Macnaghten, Phil (1995) Public attitudes to countryside leisure: A case study on ambivalence. Journal of Rural Studies, 11 (2). pp. 135-147.Full text not available from this repository.
This paper describes a research study designed to look critically at the framework underpinning current attitude survey research on countryside leisure. The argument proposes that people do not have set and stable needs and attitudes. Using a framework informed by recent debates on discourse and rhetoric in social psychology, the research examines whether people appear to have, on the surface, variable and flexible views on countryside leisure which reflect deeper societal tensions, ambiguities and uncertainties. This perspective is in stark contrast to current key U.K. leisure policy documents and understandings which implicitly assume people to have unitary and stable needs and views which reflect internally consistent “attitudes” (although the needs which people are assumed to have in relation to countryside leisure are subtly different across the different policy documents). Using seven topical and strongly contested disputes over the appropriateness of particular leisure uses for the English countryside the research “playfully” seeks to determine whether people's expressed views and attitudes to the same issues of countryside leisure can be radically transformed in line with wider cultural controversies. This hypothesis is explored by introducing the same issues, framed in line with three ‘cultural’ voices, in three consecutive weeks. The hypothesis is largely confirmed across many of the countryside leisure controversies and is interpreted as revealing of the considerable ambivalence in people's expressed preferences. The results are argued to be highly relevent to policy makers and some implications of this kind of research are drawn out for U.K. government agencies. Wider theoretical implications are also explored concerning the power of contemporary cultural rhetories, and of how a more reflexive understanding of such rhetorics might inform the practices of a variety of social groupings.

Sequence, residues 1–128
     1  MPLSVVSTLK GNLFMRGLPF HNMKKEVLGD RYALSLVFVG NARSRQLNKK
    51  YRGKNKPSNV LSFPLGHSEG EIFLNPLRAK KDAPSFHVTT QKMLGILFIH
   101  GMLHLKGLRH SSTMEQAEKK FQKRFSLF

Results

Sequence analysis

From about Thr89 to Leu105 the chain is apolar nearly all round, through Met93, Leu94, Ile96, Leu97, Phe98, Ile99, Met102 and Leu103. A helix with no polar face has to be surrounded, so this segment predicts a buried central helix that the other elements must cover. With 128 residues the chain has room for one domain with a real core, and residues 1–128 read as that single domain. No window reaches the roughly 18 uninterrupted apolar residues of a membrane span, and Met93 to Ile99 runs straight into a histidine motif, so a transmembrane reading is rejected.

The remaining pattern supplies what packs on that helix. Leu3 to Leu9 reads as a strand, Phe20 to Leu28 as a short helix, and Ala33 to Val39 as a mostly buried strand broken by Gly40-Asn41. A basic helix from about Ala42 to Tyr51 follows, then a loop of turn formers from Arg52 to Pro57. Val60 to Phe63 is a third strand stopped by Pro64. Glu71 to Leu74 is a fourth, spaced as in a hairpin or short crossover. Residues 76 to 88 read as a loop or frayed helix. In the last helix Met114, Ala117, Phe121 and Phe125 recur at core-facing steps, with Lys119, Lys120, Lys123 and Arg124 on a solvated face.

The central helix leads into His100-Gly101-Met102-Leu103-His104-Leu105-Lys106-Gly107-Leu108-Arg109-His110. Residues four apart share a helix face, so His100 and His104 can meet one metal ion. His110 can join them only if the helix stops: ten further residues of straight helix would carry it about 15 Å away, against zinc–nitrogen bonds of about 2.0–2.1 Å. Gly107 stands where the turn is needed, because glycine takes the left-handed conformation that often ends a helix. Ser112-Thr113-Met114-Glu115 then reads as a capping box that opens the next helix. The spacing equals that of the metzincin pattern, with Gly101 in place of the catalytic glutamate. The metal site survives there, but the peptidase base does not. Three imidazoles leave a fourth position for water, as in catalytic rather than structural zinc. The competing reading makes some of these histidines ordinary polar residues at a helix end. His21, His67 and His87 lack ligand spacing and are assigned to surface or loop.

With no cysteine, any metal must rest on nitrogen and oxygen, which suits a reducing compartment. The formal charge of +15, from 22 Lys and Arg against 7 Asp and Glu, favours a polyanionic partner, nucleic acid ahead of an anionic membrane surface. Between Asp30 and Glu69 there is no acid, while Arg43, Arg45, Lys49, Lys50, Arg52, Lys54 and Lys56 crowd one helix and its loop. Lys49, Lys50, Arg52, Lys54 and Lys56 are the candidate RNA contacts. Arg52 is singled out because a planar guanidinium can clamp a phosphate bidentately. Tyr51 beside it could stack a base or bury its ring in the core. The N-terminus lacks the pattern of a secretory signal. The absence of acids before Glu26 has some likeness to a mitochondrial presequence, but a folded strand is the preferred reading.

|Journal or Publication Title:||Journal of Rural Studies|
|Subjects:||G Geography. Anthropology. Recreation > GE Environmental Sciences|
|Deposited On:||04 Feb 2009 16:18|
|Last Modified:||26 Jul 2012 16:00|
Actions (login required)